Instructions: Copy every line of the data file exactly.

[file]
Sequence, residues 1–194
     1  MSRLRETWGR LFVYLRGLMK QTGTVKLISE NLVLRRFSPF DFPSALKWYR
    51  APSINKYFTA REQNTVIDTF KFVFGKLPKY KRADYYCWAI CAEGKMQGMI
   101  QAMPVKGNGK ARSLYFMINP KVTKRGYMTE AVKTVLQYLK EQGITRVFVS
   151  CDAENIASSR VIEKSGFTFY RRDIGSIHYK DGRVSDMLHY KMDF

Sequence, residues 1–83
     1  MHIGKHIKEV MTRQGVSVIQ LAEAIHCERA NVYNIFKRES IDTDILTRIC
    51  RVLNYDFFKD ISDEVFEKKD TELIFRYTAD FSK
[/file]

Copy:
Sequence, residues 1–194
     1  MSRLRETWGR LFVYLRGLMK QTGTVKLISE NLVLRRFSPF DFPSALKWYR
    51  APSINKYFTA REQNTVIDTF KFVFGKLPKY KRADYYCWAI CAEGKMQGMI
   101  QAMPVKGNGK ARSLYFMINP KVTKRGYMTE AVKTVLQYLK EQGITRVFVS
   151  CDAENIASSR VIEKSGFTFY RRDIGSIHYK DGRVSDMLHY KMDF

Sequence, residues 1–83
     1  MHIGKHIKEV MTRQGVSVIQ LAEAIHCERA NVYNIFKRES IDTDILTRIC
    51  RVLNYDFFKD ISDEVFEKKD TELIFRYTAD FSK